EdBlocks programming language

EdBlocks is a fully graphical robot programming language for the Edison robot that is super easy to use. A drag-and-drop block-based system, EdBlocks is intuitive and fun, even for younger users. Perfect for introducing anyone to programming, EdBlocks is ideal for students aged 8 to 12 years old.

EdBlocks programming environment

The online EdBlocks programming environment is simple to use on both computers and tablets. EdBlocks contains more than 150 blocks, making it easy to experiment with programming. All the blocks are accessible through the main menu, organised into five different categories. Simply open one of the menus by clicking on it in the app, then select the block you want. Drag and drop each block to the ‘start’ block in the main programming area to add it to your program. It’s that easy!

You can access EdBlocks online at


These free, downloadable resources can help you get the most out of EdBlocks.

EdBlocks lessons

 Lesson activity worksheets

The EdBlocks activity worksheets are designed to allow students to work through activities independently, gradually learning about both the Edison robot and EdBlocks. This set of lesson activities is perfect for students in year levels 3 to 6.

Download the EdBlocks lesson activities set (complete set)

 Teacher’s guide to EdBlocks

This guide offers teachers and instructors overviews, activity extensions and other supporting information for the EdBlocks lesson activities to help make teaching EdBlocks easy and fun. Each EdBlocks activity is included in this guide along with any relevant supporting information for that activity.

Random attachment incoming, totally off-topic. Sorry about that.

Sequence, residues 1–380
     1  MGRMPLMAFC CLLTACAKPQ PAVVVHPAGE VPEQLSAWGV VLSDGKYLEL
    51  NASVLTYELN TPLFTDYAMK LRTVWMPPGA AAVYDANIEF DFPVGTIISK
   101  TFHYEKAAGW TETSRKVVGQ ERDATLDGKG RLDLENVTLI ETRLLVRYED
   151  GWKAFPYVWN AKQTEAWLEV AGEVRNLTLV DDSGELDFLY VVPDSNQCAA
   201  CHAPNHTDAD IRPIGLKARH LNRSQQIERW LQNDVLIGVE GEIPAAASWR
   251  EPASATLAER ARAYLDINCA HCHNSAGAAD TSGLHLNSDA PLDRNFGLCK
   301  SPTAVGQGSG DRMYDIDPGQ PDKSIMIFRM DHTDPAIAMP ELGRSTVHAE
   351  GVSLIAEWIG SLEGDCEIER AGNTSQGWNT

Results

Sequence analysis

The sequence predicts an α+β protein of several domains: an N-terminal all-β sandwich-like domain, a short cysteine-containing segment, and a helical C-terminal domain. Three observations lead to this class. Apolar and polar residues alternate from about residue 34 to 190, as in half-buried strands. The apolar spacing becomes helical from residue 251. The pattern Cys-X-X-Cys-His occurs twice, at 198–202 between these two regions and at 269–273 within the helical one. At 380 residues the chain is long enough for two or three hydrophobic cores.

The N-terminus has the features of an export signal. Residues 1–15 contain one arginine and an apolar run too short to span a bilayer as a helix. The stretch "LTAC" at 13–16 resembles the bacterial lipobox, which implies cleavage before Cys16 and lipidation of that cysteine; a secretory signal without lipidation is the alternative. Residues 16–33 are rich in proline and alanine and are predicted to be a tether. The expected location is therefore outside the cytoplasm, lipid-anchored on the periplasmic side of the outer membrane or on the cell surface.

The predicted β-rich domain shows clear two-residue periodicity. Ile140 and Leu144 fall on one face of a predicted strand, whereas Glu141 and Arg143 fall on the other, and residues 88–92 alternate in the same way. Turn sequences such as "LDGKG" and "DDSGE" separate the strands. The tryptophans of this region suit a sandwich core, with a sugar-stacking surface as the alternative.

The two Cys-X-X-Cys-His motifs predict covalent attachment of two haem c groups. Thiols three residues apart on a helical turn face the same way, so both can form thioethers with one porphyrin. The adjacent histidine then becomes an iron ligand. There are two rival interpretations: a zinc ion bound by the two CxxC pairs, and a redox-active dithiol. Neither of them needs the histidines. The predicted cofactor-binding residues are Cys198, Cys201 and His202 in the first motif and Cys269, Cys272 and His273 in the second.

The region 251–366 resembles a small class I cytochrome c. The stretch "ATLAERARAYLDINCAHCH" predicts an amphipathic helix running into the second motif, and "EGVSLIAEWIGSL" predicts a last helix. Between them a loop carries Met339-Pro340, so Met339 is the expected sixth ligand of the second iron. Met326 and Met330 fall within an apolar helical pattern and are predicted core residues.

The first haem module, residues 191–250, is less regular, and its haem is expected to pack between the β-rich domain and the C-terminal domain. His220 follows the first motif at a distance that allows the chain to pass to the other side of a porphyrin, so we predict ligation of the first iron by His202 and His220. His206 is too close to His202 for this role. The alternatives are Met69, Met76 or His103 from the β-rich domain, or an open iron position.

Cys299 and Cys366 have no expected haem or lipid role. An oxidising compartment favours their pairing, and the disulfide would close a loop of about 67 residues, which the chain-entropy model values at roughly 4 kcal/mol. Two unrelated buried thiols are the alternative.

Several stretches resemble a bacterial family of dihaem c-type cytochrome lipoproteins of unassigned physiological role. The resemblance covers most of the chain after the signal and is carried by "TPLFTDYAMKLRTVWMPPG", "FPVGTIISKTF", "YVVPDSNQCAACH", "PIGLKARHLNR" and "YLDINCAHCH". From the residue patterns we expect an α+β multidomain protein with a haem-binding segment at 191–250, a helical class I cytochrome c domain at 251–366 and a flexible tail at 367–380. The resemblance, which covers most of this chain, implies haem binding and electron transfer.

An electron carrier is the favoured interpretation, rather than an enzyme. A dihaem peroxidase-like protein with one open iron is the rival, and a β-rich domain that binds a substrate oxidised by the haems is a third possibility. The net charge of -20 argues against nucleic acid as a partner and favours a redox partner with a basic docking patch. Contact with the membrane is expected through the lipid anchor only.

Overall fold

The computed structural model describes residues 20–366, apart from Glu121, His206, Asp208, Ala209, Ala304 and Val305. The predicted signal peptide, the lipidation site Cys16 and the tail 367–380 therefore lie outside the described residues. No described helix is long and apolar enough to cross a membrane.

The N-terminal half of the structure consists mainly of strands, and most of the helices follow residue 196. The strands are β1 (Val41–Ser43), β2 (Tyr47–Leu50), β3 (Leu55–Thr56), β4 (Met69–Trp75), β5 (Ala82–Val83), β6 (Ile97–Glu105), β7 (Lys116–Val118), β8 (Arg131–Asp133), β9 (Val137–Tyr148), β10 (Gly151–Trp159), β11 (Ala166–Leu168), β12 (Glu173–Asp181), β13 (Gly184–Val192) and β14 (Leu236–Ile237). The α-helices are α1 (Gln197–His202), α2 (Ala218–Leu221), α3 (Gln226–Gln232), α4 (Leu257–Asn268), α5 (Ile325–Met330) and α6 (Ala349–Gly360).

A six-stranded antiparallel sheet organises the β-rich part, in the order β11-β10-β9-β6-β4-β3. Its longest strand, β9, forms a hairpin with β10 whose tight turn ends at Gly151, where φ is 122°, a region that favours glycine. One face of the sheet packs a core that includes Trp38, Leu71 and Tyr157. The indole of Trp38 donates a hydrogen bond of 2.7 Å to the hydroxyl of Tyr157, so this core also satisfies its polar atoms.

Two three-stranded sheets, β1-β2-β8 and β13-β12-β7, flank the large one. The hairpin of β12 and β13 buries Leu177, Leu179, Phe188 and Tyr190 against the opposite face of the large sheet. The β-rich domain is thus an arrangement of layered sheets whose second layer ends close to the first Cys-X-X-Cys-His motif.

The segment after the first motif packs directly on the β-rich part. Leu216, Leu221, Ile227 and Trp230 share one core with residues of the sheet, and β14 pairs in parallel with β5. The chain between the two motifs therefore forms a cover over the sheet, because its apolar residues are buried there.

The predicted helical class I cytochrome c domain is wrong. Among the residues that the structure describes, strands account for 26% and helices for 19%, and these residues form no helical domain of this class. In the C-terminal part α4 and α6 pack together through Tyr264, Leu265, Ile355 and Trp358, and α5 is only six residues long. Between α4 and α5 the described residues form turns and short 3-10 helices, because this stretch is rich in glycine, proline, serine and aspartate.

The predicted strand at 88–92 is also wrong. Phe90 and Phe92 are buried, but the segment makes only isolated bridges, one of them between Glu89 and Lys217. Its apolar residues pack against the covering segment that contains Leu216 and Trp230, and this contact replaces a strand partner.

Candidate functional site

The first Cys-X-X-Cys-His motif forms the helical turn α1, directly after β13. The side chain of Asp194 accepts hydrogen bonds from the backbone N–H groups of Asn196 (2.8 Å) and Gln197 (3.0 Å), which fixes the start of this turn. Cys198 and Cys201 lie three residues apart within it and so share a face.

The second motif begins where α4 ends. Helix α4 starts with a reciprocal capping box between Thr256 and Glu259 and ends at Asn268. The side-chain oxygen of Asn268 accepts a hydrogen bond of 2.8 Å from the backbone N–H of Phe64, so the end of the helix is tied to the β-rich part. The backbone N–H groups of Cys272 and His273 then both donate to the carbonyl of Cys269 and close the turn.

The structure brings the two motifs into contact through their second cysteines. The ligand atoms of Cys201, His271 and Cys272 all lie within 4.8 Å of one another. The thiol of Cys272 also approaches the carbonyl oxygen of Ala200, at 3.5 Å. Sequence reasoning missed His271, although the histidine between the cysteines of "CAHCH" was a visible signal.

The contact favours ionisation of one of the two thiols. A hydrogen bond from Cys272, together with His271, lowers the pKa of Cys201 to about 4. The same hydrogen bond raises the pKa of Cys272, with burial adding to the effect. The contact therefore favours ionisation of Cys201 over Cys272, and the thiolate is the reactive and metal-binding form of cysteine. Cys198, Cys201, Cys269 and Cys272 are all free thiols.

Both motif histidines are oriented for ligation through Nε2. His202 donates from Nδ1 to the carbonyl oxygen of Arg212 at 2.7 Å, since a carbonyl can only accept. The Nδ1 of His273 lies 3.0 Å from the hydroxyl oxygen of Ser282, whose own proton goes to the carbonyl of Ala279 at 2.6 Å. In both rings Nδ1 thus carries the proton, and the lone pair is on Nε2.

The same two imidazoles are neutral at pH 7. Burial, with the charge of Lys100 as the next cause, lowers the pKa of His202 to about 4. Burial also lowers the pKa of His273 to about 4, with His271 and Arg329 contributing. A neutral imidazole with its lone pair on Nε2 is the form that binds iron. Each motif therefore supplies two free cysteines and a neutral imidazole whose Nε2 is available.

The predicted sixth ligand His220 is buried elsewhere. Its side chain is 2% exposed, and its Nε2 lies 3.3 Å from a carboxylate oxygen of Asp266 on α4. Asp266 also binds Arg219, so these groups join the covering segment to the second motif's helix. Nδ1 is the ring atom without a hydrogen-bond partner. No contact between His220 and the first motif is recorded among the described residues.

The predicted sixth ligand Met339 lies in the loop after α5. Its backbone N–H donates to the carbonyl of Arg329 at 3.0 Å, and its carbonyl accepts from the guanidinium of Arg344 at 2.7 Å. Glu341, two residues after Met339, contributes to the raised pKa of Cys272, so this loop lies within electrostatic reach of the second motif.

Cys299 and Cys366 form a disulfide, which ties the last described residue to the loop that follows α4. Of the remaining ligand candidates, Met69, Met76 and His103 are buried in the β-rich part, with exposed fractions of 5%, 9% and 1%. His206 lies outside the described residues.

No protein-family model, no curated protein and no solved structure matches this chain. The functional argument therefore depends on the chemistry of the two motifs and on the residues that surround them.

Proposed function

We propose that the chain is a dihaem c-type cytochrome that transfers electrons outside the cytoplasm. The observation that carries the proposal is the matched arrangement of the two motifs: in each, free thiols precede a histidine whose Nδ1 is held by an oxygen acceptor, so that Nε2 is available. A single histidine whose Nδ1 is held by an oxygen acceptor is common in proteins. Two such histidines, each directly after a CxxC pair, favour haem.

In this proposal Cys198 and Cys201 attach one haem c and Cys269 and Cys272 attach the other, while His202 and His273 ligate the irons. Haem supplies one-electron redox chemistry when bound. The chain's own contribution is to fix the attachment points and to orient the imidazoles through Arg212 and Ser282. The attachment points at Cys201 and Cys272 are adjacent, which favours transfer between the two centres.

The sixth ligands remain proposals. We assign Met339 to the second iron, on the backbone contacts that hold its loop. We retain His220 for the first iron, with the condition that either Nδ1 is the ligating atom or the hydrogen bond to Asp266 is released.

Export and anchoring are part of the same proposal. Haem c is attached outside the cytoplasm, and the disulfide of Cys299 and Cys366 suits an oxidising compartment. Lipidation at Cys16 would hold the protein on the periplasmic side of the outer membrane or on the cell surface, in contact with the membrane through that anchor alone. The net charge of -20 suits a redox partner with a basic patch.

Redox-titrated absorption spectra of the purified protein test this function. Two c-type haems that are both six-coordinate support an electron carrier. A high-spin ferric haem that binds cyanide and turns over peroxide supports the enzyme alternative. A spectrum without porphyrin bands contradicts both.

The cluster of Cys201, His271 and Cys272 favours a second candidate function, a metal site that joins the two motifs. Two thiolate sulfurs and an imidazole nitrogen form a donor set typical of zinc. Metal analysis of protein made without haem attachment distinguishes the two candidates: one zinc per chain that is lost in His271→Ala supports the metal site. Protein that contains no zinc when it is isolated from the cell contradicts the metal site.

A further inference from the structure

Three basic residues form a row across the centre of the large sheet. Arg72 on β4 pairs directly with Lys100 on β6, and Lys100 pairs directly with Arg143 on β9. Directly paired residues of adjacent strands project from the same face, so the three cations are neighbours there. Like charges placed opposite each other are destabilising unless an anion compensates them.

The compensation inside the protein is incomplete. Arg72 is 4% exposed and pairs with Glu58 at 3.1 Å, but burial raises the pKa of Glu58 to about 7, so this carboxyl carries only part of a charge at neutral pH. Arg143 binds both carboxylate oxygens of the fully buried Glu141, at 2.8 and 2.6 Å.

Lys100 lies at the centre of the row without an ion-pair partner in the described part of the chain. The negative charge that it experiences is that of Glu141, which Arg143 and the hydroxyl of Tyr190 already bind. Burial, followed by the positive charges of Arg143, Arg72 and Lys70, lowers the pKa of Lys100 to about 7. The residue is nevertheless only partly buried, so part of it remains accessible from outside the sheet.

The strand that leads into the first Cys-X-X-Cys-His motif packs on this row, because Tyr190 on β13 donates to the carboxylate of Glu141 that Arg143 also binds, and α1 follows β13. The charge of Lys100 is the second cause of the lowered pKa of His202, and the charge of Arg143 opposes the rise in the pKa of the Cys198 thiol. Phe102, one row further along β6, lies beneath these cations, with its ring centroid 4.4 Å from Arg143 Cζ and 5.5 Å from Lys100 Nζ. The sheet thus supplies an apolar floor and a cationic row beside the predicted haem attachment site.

Download the teacher’s guide to EdBlocks

EdBlocks teachers guide

Curriculum linking guide

This resource serves as a guide as to how the EdBlocks lesson activities to link to standards and requirements in the Australian Curriculum (v8.3).

Download the EdBlocks curriculum linking guide


EdBlocks block guide

Need an offline reference to the blocks in EdBlocks? This guide includes images of the blocks in EdBlocks and the tooltip helper text for each block from the online application.

Download the EdBlocks block guide

EdBlocks programming projects with EdCreate

Give your students the opportunities to program solutions to real-world robotic challenges using EdBlocks and EdCreate, the Edison robot creator’s kit. Multiple programming challenges perfect for EdBlocks using the EdCreate EdBuilds are available in the EdCreate teaching guideOr unlock your student’s creativity and EdBlocks programming prowess with the EdCreate EdChallenges!

EdCreate build EdDigger


Using EdBlocks
How do I access EdBlocks?
EdBlocks is available online at:
How do I download a program to Edison?
Edison V3 computer
To download a program to Edison V3 from a computer, connect Edison’s USB cable to your computer’s USB-A port. Click on the ‘Program’ button in the top-right corner of the app. A new window will pop-up, select ‘Edison V3 – paired’ and click ‘connect’. The program will then download into Edison V3.

Edison V3 iPad
To download a program to Edison V3 from an iPad, click on the ‘Program’ button in the top-right corner of the app. A new window will pop-up. Place Edison V3 over the outline, press the round button one time and then click ‘Download program’. The round dot will flash your program code to Edison V3.